Watercolors are a great painting medium that allows artists to create worth protecting and storing masterpieces. If you like to paint or just collect watercolor paintings made by renowned artists as a hobby, you’d want to store them to keep the beautiful art protected.
It can be a challenging task because of the nature of watercolors that curves the paper and keeps it from sitting flat. Let’s discuss the best ways to protect and store watercolor paintings to make them last longer.
There are multiple ways you can use to preserve your valuable artwork and using varnish is one of the easiest and best ones. It provides the painting with a protective layer to protect it from moisture. You can find different types of varnishes available in the market. However, using non-water-based brush-on varnishes is the best product to use because it keeps the painting from re-wetting again.
How Does Varnish Protect Watercolor Painting?
Varnish is a specially designed material that minimizes the damage caused by scratches, scuffs, ultraviolet radiation, smoke, dirt, dust, and humidity. Ideally, it should be a removable coating to improve the longevity of watercolor paint by enduring environmental abuse. It can also hold and seal the binder and pigments in place to keep the paper with watercolor paint intact.
Both water-based and spirit-based acrylic varnishes are available in the market but you should use the latter one. That’s because these varnishes aren’t suitable for watercolor paintings because of their water-based materials that can compromise the quality of work. On top of that, they’re also less effective when it comes to UV protection.
Varnishes are available in matte, satin, and gloss finishes and all of them offer UV protection. But you must bear in mind that a large number of even light coats can decrease the textural quality of paint and paper.
You can use three different options to use varnish on watercolor absorbent ground or paper.
It’s the easiest and quickest option but the biggest downside of the direct application is that it’s non-removable. An archival Varnish is a good option because you can easily use it without touching your delicate watercolor painting. Use the following tips for this method.
Use the gloss varnish to apply the first coat so that your painting can retain clarity.
You can use matte, satin, or gloss varnish for the last coat.
Don’t use matte or satin for all the coats because it’ll make your watercolor painting dusty and cloudy because of the high concentration of matting solids.
Don’t apply more than six coats of Archival Varnish.
Note: You should apply only one coat of varnish with a matte finish.
Isolation Coat and Spray Varnish
The second option is to apply a non-removable isolation coat before using the spray equipment. The isolation coat will allow you to apply varnish evenly and it’ll also seal all absorbent areas to protect the artwork. Use a sprayer to apply the initial coat instead of a brush. You can use one part Airbrush Transparent Extender and two parts GAC 500 to make the isolation coat.
Once you have applied the isolation coat, you can apply the varnish of your choice. Don’t apply more than four coats using your spray equipment.
Isolation Coat and Brushed-Applied Varnish
This option is the combination of the first two options. The first step is the same that’s discussed in option one. Apply one to two coats using gloss Archival Varnish to watercolor painting and paper. If your painting is on the absorbent ground, you can apply one more coat and let the painting dry.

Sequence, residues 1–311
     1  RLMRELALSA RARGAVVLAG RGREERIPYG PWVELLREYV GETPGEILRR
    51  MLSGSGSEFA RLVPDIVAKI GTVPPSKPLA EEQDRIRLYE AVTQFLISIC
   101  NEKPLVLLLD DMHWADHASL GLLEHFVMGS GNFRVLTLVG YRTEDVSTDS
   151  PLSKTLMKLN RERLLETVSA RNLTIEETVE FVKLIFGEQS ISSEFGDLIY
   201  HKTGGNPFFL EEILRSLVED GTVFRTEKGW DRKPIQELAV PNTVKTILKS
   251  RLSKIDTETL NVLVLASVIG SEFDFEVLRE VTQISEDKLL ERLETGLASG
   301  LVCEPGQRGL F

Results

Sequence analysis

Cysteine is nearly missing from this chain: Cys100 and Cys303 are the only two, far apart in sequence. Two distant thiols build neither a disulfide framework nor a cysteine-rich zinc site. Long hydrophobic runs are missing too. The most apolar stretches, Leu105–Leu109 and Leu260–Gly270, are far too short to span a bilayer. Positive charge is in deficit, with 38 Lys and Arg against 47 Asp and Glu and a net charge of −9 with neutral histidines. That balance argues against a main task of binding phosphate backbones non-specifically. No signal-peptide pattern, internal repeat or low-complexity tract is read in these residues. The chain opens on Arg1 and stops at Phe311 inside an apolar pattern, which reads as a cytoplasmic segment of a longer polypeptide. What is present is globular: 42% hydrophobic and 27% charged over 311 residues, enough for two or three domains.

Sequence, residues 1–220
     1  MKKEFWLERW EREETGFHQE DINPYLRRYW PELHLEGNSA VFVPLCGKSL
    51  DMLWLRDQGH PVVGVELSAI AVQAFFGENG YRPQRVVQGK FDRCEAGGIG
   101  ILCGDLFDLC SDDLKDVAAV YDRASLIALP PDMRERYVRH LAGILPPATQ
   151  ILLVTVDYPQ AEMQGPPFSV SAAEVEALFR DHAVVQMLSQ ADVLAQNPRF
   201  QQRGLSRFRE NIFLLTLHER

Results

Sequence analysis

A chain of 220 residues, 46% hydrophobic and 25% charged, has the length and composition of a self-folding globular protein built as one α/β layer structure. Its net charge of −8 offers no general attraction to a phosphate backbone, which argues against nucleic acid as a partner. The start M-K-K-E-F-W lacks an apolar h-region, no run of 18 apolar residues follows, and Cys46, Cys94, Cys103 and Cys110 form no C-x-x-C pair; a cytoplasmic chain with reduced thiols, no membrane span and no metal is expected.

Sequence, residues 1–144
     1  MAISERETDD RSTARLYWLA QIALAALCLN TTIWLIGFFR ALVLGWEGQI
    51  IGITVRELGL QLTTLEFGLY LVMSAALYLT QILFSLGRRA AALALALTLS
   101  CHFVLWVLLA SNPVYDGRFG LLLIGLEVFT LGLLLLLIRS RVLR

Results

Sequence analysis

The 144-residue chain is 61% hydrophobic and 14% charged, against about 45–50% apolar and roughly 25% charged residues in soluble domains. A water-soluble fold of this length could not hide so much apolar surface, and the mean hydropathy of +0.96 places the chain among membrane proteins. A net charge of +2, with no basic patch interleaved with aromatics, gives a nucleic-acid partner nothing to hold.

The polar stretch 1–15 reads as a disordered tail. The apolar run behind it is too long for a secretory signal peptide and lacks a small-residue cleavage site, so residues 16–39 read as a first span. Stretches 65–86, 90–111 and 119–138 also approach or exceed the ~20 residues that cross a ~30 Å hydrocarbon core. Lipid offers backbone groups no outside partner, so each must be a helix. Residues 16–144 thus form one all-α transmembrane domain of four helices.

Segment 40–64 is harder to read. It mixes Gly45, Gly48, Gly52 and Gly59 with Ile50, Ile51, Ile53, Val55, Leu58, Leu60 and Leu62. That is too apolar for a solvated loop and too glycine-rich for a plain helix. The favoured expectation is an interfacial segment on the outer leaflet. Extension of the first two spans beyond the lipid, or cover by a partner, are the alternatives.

Then you can apply the isolation coat using a brush. The most suitable recipe for this coat involves one part water and two parts gloss Soft Gel.
Keep in mind that any varnish applied to a watercolor painting surface will become a non-removable addition because watercolor substrates and papers are highly absorbent. It also means that your watercolor painting will never be able to go back to its original condition.
Vanish can also potentially exclude your art from being considered as a watercolor painting and recategorize it as a mixed media piece by some conservators, museums, and societies. It can also alter the feel of the paper and texture and appearance of the painting because it offers a sheen different from the original colors.
Always apply a varnish to your water color painting in a dust-free environment. Consider using a spray varnish whenever possible because it reduces the application time significantly.
You’ll need to leave your watercolor painting for several days to let them dry after applying varnish coats. Don’t place any materials on top of the treated surface of your paintings and never stack them as well.
Benefits of Varnishing a Watercolor Painting
Varnish seals the painting’s surface and provides it with a protective layer to keep it safe from dirt, dust, and moisture.
Over time, pollution, moisture, dirt, and dust will change the appearance of your watercolor painting if you don’t apply varnish.
Varnish ensures UV protection and keeps the painting from damaging ultraviolet light.
Al high-quality varnish layer allows you to display your art without using a frame and glass.
Watercolor paint products come with different pigments and they also dry differently. Some of them appear glossy and others appear satin or matte and a high-quality varnish evens those paint colors out.
Varnishes are available in different finishes to protect your artwork and you can choose the one that suits your needs the best. You can use a varnish with a matte finish to enhance your water colour painting.
Varnish can reduce the risk of possible damage as well as the frequency of cleanings so that it can last for the years to come.
The following are the golden rules to protect your watercolor paintings. Following these tips will help you preserve your artwork for a longer period of time.